Wednesday, October 5, 2011

TaeKwonDo and ADHD


I wanted to shift gears for a moment to talk a little about Mr. Gavin.  That is what he goes by in his Tae Kwon Do class.

Gavin is a busy little man.  My mom refers to him as a breathe of fresh air and ball full of energy.  That is an adequate description of him, I must say.

We have had the "ADHD" talk in our home with him over the past few years. We have met with the child phsycologist, pediatricians, and have had the Vanderbilt testing, along with many conversation's  his teachers the past three years. 

The assessment, unfortunately, has been fairly inconsistent. Mainly between Mike and I.  He thinks he is doing OK for himself.  I, on the other hand, thinks he needs a little boost.  Just a little something to help him retain his ability to focus on chores, school, and general day to day operation of things.

His first grade teacher was very adamant about him getting on something. No doubt in her mind! There were many, many meetings with that teacher.

His second grade teacher thought nope. Not a problem.  He felt that Gavin responded well to praising, had strong and well established relationships with peers, and was able to complete his school work in an acceptable range. Again, another inconsistency.

We have "the prescription" in hand.  I obtained this from his pediatrician over the summer after an hour long conversation.  Still not convinced that that is THE answer.

It's not an easily obtainable diagnosis nor is the treatment. 

So, to honor my husbands request, I have decided to hold onto that prescription for now.  I have done some research on diet and have failed miserably implemented some of these things.  Not to the extent that I think would be beneficial but man! To remove process foods from our diet with the busy life we live seems like a really steep hill to climb!

I then stumbled upon an article that a mom had written in regards to Tae Kwon Do and ADHD (after my pediatrician made the recommendation).  Here is some of what she stated (and not all 100% pertaining to Gavin but you get the general idea):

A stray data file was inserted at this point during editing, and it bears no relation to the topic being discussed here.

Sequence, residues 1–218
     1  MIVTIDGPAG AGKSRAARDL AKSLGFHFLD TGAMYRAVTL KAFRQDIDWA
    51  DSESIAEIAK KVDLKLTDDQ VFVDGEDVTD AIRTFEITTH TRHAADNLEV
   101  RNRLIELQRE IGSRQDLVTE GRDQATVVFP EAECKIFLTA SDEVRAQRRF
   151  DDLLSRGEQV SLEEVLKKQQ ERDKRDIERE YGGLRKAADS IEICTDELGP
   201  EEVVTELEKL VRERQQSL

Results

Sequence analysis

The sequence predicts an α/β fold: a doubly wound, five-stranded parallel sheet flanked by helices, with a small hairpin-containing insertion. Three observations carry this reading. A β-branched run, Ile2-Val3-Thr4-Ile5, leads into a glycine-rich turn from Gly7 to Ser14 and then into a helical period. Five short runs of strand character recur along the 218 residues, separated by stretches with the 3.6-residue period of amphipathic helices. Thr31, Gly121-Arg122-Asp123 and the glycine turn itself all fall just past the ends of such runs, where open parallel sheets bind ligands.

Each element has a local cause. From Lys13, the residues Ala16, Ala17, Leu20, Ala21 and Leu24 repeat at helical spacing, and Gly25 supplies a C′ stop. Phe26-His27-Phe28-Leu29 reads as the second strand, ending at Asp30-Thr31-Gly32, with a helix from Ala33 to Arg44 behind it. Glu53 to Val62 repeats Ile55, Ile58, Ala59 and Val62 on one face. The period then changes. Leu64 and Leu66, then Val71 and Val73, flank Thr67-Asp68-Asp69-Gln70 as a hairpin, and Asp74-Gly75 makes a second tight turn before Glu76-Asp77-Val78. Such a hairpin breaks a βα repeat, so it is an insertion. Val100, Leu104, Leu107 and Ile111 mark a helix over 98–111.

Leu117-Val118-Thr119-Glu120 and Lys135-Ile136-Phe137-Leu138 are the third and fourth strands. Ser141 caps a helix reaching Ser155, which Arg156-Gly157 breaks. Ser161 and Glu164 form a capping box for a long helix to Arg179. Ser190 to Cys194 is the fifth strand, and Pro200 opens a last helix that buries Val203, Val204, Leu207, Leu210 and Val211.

"ADHD is gifted with spontaneity, creativeness and the ability to focus intensely on any task they take an interest in. All kids can be frequently distracted or inattentive and impulsive on occasion, but a child living with ADHD experiences these attributes most of the time. I know that as a parent I have a great deal of influence in helping him perceive these character traits as advantageous, instead of liabilities. The ADHD child doesn't lack focus but tends to apply that focus in inappropriate ways. He has a low tolerance for idleness and gets bored easily.


A martial art like tae kwon do always emphasizes self-confidence, self-esteem and self-control as part of the curriculum.

In our taekwondo classes, children learn the "right action" at the right moment which tempers impulsiveness and turns it into a positive action. Boredom is negligible due to the fast active pace of the class that is full of jumping and spinning, punching and kicking; the hyperactive child can unleash behavior in an appropriate way and be praised for it.

Another aspect of his tae kwon do training is tolerance and respect for everyone no matter what label society might have imposed.

And so, we enrolled Gavin in a local Tae Kwon Do class and he LOVES, LOVES, LOVES it!!!!  He takes it with his cousin every Tuesday and Thursday and looks forward to the next class.

Last week, Gavin got his very first belt, The WHITE belt and I couldn't be more proud! He worked very hard at this! 




So at the end of the day, he is happy.  He has amazing confience, his totally building up his slef esteem and his working hard at control.  Therefore, we are happy parents!

1 comment:

Cylee Blake said...

It's wonderful that you son loves taekwondo. I know many children who love it but I never realized what they got from it. Thank you for shairing. This post is very helpful to me.

I'm a nanny for a boy with ADHD and we (his parents and I) had him on medication for a year before we took him off. It ruined his appetite and his sleep which affected him in the classroom. His first grade teacher had asked us to leave him off the meds for a bit to see how well he learned and, apparently, he did better without it.

I will have to mention Taekwondo to his mother tonight.